John Simons: Top Codementor and Full-Stack Software Engineer

Published Feb 08, 2017Last updated Jun 26, 2017

John Simons John is a senior full-stack software engineer and entrepreneur with 10 years experience. He runs a small boutique-style software development firm that specializes in crossing the barrier between cloud, desktop, mobile and physical applications.

Since he joined Codementor, John has become one of the top Codementors. He mentored and helped dozens of developers and product managers overcome challenges and take their projects to the next level. John is part of CodementorX, our network of top software engineers available for hire.

What are the most exciting projects that you’ve worked on?

KinEmoteI have worked on a number of exciting projects. One of the most exciting at that time must have been KinEmote. I remember reading on a news site years that Microsoft was working on a 3d camera for the XBOX. I immediately thought it would be really cool to use it to control what was then still called XBMC (now Kodi). I thought about how it should work way before it came out so I could quickly build it when it got released. I predicted there would be a lot of interest in the technology, which turned out to be true. When I released my little tool though I was not expecting it to receive so much attention from the press. From CNET to Engadget, people talked about it, which was actually stunning, to say the least. In the end, I did not see a path forward to build a business from it so I stopped working on it. It was exciting while it lasted, though. Not too long ago, I Googled it just for fun, and it seems people are still writing research papers drawing on their experiences of using the tool, and using it to think about how human computer interfacing could be improved in the future. That I have unknowingly contributed to the research world – this is something I find very cool.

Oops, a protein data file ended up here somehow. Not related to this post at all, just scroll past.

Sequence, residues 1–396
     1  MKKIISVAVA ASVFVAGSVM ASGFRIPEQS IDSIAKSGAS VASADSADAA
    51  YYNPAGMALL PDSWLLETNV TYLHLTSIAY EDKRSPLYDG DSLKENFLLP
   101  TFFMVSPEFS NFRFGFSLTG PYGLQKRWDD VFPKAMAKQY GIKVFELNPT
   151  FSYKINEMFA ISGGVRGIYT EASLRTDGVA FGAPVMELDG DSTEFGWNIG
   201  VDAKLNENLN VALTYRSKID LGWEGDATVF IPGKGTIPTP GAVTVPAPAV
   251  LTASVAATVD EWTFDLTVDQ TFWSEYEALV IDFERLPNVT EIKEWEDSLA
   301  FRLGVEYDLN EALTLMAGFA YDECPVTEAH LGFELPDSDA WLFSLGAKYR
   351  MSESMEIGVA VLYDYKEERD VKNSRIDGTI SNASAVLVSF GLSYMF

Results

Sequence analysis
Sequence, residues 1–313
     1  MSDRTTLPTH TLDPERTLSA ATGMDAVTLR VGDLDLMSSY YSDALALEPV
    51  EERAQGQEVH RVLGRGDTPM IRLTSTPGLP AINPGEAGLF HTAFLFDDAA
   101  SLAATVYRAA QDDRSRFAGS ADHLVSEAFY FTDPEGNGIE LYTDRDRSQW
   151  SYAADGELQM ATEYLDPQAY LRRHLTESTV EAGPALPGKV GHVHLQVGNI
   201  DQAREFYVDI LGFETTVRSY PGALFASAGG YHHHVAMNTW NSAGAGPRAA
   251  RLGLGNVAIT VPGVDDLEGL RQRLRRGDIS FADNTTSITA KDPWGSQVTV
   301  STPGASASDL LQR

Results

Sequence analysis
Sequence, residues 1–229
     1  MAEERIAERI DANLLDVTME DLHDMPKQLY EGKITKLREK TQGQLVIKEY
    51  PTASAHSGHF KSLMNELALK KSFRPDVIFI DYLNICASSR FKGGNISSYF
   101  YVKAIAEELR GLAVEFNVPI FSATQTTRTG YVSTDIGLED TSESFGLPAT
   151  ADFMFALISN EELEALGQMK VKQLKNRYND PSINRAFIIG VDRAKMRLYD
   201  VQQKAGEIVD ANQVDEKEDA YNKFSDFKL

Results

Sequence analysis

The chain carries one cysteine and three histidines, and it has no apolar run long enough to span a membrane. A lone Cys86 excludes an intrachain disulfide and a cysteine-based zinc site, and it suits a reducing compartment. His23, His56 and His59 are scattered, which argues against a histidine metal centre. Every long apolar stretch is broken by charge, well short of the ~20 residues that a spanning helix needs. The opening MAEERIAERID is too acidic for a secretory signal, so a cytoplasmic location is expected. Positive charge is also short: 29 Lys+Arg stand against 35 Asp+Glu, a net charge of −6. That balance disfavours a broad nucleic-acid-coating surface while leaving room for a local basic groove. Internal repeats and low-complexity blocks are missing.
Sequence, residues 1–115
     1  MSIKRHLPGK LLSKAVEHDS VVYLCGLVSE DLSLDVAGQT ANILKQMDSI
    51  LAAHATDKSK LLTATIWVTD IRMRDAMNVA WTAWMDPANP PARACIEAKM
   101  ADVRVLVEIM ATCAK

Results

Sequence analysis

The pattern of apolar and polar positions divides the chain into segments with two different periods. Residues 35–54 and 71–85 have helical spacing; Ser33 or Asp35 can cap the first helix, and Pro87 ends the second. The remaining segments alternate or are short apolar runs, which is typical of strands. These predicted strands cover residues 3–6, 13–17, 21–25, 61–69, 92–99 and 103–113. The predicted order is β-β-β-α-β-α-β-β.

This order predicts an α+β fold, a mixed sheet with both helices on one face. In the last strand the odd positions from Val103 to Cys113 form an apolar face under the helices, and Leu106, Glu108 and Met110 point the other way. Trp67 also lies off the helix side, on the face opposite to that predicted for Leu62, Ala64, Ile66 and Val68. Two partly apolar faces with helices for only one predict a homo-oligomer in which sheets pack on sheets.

What are your favourite technologies, and why?

I don’t really have a favourite technology per se. I prefer to use whatever technology that allows me to reach my goal as quickly as possible. I like the premise that universal Javascript holds, to run the same code on the server, web front-end, and mobile front-end, but I believe there are still a lot of kinks to work out. With these technologies there’s so much “craze of the day” going on that sometimes it is hard to keep up, as well as there is often a lot to code yourself. If you look at the .NET or Java world, there are so many libraries used by so many people that they are pretty much drop-in and use, whereas within the JavaScript world things are often half-done, and with lots of competing technologies that are outperforming each other every few months. I still use it, because it makes requirements of some of my projects overall easier, but I do long for more mature “universal” cross-platform technology. I also really like embedded platforms. For some reason I find it cool that you can build a device specifically tailored to one goal only. I think the progress that is being made in those fields are interesting too, to say the least. Nowadays you can buy a system on a chip (Arduino, Raspberry Pi), pair it with a service like Resin.IO, and build a production grade custom device in no-time. As a company, we are also looking at the industrial industry. There, we predict the next revolution will happen, where factories, machinery and robots will also get connected to the cloud. That too is very interesting to me, because we can now apply what we learned from large scale web deployments to systems that have traditionally been pretty small and closed ones. The power of big data, when applied to industry, will let the manufacturers, rental agencies and end-users use their equipment much more effectively and efficiently.

If you didn’t have to work for money, what would you spend time on?